The family of a man who grew up in Charleston is suing United Airlines less than two years after he died while on a flight from Washington, D.C., to Japan.
Zachary Ryan Steenstra’s family filed the lawsuit in U.S. District Court in the Eastern District of Virginia on July 1. U.S. District Judge T. S. Ellis III is presiding in the case.
Steenstra, a graduate of Capital High School and Marshall University, was 37 years old when he suffered a health emergency on the flight. The airline refused to divert the flight to allow him to receive medical attention, despite him begging airline staff to do so, according to the lawsuit. That led to what his parents say was his preventable death 10 days later at a hospital in Tokyo.
“United could have saved his life with less than a one hour delay. It will haunt me for the rest of my life to imagine the lack of empathy he endured and the blatant disregard for his life and well-being,” Steenstra’s mother, Sharon Roon, said in a statement released by her attorneys. “I am heartbroken and will never recover from the loss of my kind, thoughtful and brilliant son Zachary.”
Steenstra’s family alleges United Airlines was negligent and led to Steenstra’s wrongful death. They are seeking unspecified damages.
According to the lawsuit, Steenstra was “an athlete in good health” who worked for the U.S. Department of Justice. He was flying for work from Washington to Bangkok, with a connecting flight at Tokyo’s Narita International Airport.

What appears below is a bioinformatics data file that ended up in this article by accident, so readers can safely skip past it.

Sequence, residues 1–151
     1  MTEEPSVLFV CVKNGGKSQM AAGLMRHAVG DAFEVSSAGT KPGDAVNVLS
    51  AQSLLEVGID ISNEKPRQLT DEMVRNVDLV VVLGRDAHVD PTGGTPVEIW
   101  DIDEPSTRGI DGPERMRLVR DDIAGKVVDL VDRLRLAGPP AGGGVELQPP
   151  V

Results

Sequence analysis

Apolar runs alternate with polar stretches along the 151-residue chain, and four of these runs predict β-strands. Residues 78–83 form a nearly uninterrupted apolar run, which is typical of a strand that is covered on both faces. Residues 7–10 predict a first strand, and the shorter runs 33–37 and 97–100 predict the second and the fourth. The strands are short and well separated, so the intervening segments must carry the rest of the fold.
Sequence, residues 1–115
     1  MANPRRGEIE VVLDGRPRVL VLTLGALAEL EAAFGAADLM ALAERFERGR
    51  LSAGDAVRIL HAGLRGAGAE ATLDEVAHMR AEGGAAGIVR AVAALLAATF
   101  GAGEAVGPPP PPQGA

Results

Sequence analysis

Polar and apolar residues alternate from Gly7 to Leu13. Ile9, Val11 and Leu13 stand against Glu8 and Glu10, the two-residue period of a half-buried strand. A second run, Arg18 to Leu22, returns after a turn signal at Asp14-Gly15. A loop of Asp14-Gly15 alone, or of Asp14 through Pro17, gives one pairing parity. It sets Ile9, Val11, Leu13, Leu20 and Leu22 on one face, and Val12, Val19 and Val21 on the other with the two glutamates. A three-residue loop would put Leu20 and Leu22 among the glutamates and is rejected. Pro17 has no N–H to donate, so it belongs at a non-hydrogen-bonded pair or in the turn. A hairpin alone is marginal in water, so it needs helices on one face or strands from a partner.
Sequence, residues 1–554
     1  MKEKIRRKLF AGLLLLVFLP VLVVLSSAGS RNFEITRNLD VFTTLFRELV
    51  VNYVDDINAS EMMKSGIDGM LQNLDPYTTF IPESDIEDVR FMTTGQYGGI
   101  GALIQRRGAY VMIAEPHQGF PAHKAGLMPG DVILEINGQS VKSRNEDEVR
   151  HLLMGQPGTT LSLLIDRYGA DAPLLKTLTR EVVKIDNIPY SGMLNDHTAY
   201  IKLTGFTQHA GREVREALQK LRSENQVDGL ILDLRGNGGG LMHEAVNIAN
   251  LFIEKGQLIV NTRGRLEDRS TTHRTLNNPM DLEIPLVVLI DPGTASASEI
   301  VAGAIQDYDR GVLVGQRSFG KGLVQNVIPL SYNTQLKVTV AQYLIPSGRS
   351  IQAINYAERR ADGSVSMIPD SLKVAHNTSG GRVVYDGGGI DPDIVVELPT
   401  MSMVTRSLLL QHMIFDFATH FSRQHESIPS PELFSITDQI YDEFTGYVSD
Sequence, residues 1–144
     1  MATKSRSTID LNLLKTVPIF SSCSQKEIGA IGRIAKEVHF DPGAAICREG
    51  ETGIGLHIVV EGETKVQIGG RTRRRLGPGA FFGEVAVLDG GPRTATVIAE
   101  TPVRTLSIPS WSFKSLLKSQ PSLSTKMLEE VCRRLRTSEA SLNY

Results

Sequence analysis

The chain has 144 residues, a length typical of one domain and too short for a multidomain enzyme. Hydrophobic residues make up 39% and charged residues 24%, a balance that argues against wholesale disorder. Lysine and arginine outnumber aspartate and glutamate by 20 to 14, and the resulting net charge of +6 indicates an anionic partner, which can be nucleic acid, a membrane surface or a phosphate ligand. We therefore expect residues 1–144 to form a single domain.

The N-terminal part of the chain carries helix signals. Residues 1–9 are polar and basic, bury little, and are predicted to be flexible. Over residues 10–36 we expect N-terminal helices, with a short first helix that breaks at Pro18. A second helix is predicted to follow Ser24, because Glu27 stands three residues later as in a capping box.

He became ill about three hours into the flight, experiencing severe pain and vomiting blood after he’d eaten his in-flight meal, according to the complaint.
“Zachary was in great pain and knew his condition was serious,” his lawyers, Susan L. Burke of Mount Pleasant, South Carolina, and John H. Tinney Jr. of Charleston said in the lawsuit. “United provided no medical evaluation or treatment.”
Steenstra “begged” United employees to divert the flight and land to let him get medical treatment, but employees refused to land the airplane during the 13-hour flight, according to the lawsuit. By the time it landed in Japan, Steenstra “had vomited so much blood, was so weak and so grave, he could not walk or crawl from the plane,” the lawsuit stated.
Steenstra was taken from the plane to a hospital that didn’t have the facilities to adequately treat him, his family claims, then was transferred to a trauma hospital.
Doctors at the second hospital determined Steenstra’s esophagus either had ruptured or separated from his stomach, and due to the delay in care, he suffered sepsis, according to the lawsuit.
Steenstra died on Dec. 15, 2017, according to his obituary.